New research provides evidence that the Moon’s crust formed from material that was originally wet, challenging the prevailing notion that the early Moon was bone dry. The findings suggest our lunar neighbor had a more dynamic history than previously thought.
Traces of Water Found in Ancient Lunar Meteorite
A team led by researchers from the University of Oklahoma analyzed a meteorite called NWA 2727, which originated from the lunar crust and landed on Earth as a meteorite millions of years ago. Using advanced spectroscopy techniques, they detected traces of water in minerals within the rock .
The meteorite sample contained about 6 parts per million of water – not much compared to Earth, but significantly more than expected for the Moon. The water was not in liquid form, but rather chemically bound up in certain mineral structures. Still, lead researcher Zachary Sharples said this shows the early lunar crust contained a small amount of indigenous water when it first formed over 4 billion years ago.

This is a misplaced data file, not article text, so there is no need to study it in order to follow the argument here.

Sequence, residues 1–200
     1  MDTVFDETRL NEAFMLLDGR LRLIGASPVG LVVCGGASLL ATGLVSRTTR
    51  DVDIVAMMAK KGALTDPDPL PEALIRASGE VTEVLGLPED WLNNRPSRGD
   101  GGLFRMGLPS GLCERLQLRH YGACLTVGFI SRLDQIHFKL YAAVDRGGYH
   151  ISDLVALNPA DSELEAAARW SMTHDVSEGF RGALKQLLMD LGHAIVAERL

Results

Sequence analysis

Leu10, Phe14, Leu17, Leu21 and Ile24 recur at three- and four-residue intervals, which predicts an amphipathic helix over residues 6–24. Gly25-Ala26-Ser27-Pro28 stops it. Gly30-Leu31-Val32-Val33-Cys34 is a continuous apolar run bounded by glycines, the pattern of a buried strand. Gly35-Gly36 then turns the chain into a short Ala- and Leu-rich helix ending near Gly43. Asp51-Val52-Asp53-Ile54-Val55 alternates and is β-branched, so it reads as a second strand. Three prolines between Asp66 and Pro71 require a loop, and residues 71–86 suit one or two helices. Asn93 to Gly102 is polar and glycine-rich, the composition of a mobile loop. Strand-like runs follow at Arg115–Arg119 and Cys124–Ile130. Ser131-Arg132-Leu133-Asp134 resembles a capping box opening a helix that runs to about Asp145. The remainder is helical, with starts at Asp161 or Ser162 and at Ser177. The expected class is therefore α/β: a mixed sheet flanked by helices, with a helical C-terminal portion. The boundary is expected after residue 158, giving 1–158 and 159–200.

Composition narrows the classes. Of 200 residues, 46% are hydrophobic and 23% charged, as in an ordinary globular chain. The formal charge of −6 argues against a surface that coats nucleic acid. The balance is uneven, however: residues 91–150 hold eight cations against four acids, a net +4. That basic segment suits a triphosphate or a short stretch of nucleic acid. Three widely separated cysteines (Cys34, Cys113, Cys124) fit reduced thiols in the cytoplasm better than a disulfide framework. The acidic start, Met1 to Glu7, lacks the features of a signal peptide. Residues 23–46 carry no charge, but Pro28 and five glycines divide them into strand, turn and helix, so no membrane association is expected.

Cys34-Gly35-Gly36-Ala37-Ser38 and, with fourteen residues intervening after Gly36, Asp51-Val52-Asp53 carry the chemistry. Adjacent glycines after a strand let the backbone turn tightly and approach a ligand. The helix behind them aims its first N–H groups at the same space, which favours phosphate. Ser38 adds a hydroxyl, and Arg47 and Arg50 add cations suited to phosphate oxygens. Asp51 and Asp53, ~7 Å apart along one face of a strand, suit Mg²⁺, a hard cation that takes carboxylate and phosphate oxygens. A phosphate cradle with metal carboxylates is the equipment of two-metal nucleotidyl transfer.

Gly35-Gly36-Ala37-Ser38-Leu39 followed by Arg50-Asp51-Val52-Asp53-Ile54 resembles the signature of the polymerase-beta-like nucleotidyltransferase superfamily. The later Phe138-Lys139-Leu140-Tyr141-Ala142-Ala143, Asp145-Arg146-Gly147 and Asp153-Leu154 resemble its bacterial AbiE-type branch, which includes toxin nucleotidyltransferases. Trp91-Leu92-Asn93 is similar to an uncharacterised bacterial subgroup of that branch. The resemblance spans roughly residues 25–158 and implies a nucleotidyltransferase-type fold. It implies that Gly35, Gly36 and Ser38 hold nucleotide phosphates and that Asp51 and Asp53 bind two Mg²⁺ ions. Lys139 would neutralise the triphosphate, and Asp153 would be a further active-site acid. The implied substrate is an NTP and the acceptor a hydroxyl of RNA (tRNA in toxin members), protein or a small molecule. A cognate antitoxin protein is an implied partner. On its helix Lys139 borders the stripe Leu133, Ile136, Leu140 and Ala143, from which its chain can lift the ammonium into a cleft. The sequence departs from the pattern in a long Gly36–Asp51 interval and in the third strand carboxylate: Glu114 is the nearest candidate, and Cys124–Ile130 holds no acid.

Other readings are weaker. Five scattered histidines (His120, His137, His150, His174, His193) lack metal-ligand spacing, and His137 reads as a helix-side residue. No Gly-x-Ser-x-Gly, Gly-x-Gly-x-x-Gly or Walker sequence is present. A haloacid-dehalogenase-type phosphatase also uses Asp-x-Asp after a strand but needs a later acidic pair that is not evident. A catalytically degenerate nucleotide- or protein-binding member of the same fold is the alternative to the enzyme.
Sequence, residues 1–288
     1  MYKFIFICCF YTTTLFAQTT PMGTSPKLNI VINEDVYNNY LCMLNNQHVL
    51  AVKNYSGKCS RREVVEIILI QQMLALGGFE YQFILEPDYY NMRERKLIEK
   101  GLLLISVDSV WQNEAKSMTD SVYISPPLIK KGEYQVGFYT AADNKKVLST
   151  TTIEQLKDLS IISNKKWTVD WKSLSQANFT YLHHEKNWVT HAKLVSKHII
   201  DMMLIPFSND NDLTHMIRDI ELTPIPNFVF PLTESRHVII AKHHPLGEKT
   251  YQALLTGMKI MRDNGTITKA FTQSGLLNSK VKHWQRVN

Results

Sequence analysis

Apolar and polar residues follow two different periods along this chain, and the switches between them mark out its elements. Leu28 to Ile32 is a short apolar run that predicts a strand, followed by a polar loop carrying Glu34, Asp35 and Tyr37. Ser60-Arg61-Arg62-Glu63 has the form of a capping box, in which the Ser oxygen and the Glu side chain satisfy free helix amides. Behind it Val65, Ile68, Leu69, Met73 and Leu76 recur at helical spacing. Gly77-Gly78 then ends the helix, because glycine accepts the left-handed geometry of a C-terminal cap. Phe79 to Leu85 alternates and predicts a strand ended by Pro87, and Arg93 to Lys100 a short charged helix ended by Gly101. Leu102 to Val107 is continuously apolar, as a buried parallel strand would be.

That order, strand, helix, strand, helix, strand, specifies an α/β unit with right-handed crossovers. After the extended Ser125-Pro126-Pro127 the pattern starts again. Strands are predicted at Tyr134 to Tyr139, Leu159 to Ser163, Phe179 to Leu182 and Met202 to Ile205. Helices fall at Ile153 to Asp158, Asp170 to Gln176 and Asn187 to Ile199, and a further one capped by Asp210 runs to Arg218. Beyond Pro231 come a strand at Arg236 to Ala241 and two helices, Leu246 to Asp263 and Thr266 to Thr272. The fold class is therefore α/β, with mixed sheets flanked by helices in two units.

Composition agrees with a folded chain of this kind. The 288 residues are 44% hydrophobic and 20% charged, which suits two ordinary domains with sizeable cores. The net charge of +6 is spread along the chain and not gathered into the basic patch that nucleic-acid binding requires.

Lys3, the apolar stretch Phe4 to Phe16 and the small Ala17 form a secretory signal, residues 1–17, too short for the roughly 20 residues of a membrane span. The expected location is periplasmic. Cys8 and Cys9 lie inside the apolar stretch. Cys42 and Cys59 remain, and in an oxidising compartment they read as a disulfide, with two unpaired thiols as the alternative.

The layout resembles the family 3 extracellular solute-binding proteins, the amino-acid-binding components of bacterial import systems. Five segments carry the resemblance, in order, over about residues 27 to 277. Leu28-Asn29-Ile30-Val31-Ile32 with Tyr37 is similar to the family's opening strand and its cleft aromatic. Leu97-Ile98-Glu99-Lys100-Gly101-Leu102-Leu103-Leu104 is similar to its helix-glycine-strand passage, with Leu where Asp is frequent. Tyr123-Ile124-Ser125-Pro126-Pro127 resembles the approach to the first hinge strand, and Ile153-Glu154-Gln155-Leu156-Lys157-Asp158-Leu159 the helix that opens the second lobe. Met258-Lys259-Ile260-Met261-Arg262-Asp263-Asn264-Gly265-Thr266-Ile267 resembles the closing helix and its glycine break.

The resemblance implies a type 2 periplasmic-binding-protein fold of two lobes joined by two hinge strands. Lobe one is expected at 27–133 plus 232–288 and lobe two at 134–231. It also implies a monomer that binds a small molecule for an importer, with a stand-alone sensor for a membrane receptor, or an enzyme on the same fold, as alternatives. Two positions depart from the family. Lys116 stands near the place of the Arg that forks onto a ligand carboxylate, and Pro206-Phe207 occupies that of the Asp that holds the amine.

“The Moon was thought to be dry, with any water in the lunar interior resulting from meteorites striking its surface,” Sharples said. “This discovery changes our fundamental understanding of the Moon’s water history” .
Lunar Magma Ocean Theory Challenged
The findings challenge the prevalent “lunar magma ocean” theory about the Moon’s origins. This theory posits that the outer layer of molten rock covering the early Moon surface should have almost completely degassed water and other volatiles into space. Any remnants would have been negligible.
“The assumption has been that the lunar magma ocean degassed completely, and the Moon was bone dry,” said Sharples .
While the lunar magma ocean concept helps explain the Moon’s basic chemistry, these new discoveries show it does not tell the whole story.
“The lunar magma ocean model can’t explain the water we found in the meteorite,” Sharples said. “Somewhere between the formation of the Moon and the creation of this rock, water was introduced into the early lunar crust” .